A "real" secure job
I spent most of my adult life fulfilling my dream of being a singer, traveling to countries, teaching French, doing wellness and reflexology massages, and teaching vocal positioning. I felt I was living my dream and that I would achieve my goal of fame and recognition.
But every time I touched the record industry, every time a producer was preparing the contracts, every time a well-known musician was considering working with me, something would happen, something would bring my hopes down.
Art by Fornico
Meanwhile, everything else I was doing FOR my goal, was thriving. I started producing on TV in order to be recognizable and network and have people buy my records (yes, I am that old).
Years later I realized something was stopping me from the dream I had ever since I was 4, to sing in front of people and on stage because had I signed a contract I would not have sung and danced clothed on a stage, and certainly not the genre I adored.
When my daughter was born, a shift happened, I taught more, I wrote more, and I sang less. If ever. The responsibilities of raising a child, without a steady job, were haunting me. I started subtitling and writing articles in magazines. Somewhere in the background, some of my books were published, but I did not care. I needed money, not recognition. Milk, not paper.
I started an education as an interpreter for the deaf and started working as an event planner. My experience behind the cameras came in handy. I loved the multifaceted challenges, the brainstorming, and the managing. I hated the boss who came on to me and forced me out 10 days before the show. Same shit, different day.
It was around that time I started thinking I had to leave Greece. I was drowning, I was poor, and things were not looking good.
When I came to Denmark, a country that was not even in my radar, I was surprised to see I was not as smart as I thought. I could not learn the language. Me. A multilingual voice artist, a talented woman who could do whatever she set her mind to.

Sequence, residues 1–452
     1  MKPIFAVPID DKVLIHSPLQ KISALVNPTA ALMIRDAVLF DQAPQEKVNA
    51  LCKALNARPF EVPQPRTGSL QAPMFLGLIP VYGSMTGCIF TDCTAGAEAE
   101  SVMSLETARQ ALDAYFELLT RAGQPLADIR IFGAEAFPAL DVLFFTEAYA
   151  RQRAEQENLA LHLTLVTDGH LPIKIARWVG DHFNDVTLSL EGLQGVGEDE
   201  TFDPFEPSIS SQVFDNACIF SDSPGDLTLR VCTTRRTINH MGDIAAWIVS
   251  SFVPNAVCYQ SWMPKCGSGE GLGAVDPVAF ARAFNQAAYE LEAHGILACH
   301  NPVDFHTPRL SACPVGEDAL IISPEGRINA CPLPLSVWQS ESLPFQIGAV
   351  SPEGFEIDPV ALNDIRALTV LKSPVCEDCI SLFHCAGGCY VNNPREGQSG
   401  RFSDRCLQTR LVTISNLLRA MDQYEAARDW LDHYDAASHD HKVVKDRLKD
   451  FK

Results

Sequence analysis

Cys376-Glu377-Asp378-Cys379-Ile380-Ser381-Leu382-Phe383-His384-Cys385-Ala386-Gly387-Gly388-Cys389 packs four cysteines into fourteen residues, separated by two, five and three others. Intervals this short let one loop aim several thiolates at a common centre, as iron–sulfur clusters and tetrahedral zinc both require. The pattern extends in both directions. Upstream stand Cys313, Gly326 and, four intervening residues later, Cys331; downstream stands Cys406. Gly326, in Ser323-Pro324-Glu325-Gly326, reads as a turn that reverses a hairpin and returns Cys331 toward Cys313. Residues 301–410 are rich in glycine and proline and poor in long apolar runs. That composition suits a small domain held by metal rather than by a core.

And then it hit me. Did I have value because I lived in a sexist country? Did I get chances due to my looks that were now fading? Chances I would lose as soon as I would not sleep with my boss, but still, chances.
Illiterate in my new country, I could not even read a ketchup bottle at the supermarket. I felt useless. I had no support system. And at home, I was told more often than not that I was not very bright, if I was even addressed for serious decisions.
The fear of the unknown grew my need to find a "real" job.
I obsessed about it. I looked for it. I would take any job as long as it would give me a steady salary, a pension, and vacation money. I needed that validation, that security, that I would not be homeless.
I almost died.
My stress level was on top of the chart. I chased and chased more than I chased my dream for fame. And then I got it. I got a steady job. I got a salary, month in, month out. Very low salary, but a sure thing.
And I had no time to do anything else. No time to draw, no time to write. Me, the person who wrote 55 audiobooks in a year.
I started realizing the new fear that was created in me. The fear of losing the stability. And I hated that. I also hated the fact that my time was never mine, not really, even away from work.
That's when I decided to leave. I found another steady job, and while I was transitioning from the old to the new, I realized, I did not want that anymore.
I did not want the steady, real job.
I had shed the fear of the unknown to the level of feeling comfortable with my abilities and feeling I will make it, if not succeed.
I realized the steady job was something I wanted for my kid, but she was now grown. And I did not do that bad. I also realized I wanted a steady job for the "future", but, the leash was too tight.
Maybe I was too old to learn new tricks, perhaps I finally had enough confidence in myself, or possibly the jobs I was looking at were not the right ones.
But who knew, I would treasure my time more than a recurring number in the bank?
Who knew, indeed...